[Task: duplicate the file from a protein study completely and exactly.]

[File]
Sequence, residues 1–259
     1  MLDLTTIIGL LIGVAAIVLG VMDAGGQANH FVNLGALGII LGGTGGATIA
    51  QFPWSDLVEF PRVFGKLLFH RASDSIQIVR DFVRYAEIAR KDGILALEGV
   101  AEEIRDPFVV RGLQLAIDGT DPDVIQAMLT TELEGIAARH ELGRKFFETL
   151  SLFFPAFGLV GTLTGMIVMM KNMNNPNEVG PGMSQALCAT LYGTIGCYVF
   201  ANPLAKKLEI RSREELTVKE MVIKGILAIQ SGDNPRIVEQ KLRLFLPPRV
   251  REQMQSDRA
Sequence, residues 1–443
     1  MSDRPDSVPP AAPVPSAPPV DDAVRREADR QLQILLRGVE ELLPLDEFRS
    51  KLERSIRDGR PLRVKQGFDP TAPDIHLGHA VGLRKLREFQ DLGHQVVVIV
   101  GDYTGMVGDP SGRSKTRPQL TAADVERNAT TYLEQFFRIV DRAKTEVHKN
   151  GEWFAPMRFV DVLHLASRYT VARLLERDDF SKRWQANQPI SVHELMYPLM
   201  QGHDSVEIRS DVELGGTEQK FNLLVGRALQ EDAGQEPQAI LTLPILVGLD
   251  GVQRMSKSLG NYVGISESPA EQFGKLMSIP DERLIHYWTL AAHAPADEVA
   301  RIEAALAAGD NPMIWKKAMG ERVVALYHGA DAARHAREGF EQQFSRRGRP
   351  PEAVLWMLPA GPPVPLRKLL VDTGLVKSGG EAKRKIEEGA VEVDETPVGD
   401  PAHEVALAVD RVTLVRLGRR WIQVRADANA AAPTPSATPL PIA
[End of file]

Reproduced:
Sequence, residues 1–259
     1  MLDLTTIIGL LIGVAAIVLG VMDAGGQANH FVNLGALGII LGGTGGATIA
    51  QFPWSDLVEF PRVFGKLLFH RASDSIQIVR DFVRYAEIAR KDGILALEGV
   101  AEEIRDPFVV RGLQLAIDGT DPDVIQAMLT TELEGIAARH ELGRKFFETL
   151  SLFFPAFGLV GTLTGMIVMM KNMNNPNEVG PGMSQALCAT LYGTIGCYVF
   201  ANPLAKKLEI RSREELTVKE MVIKGILAIQ SGDNPRIVEQ KLRLFLPPRV
   251  REQMQSDRA
Sequence, residues 1–443
     1  MSDRPDSVPP AAPVPSAPPV DDAVRREADR QLQILLRGVE ELLPLDEFRS
    51  KLERSIRDGR PLRVKQGFDP TAPDIHLGHA VGLRKLREFQ DLGHQVVVIV
   101  GDYTGMVGDP SGRSKTRPQL TAADVERNAT TYLEQFFRIV DRAKTEVHKN
   151  GEWFAPMRFV DVLHLASRYT VARLLERDDF SKRWQANQPI SVHELMYPLM
   201  QGHDSVEIRS DVELGGTEQK FNLLVGRALQ EDAGQEPQAI LTLPILVGLD
   251  GVQRMSKSLG NYVGISESPA EQFGKLMSIP DERLIHYWTL AAHAPADEVA
   301  RIEAALAAGD NPMIWKKAMG ERVVALYHGA DAARHAREGF EQQFSRRGRP
   351  PEAVLWMLPA GPPVPLRKLL VDTGLVKSGG EAKRKIEEGA VEVDETPVGD
   401  PAHEVALAVD RVTLVRLGRR WIQVRADANA AAPTPSATPL PIA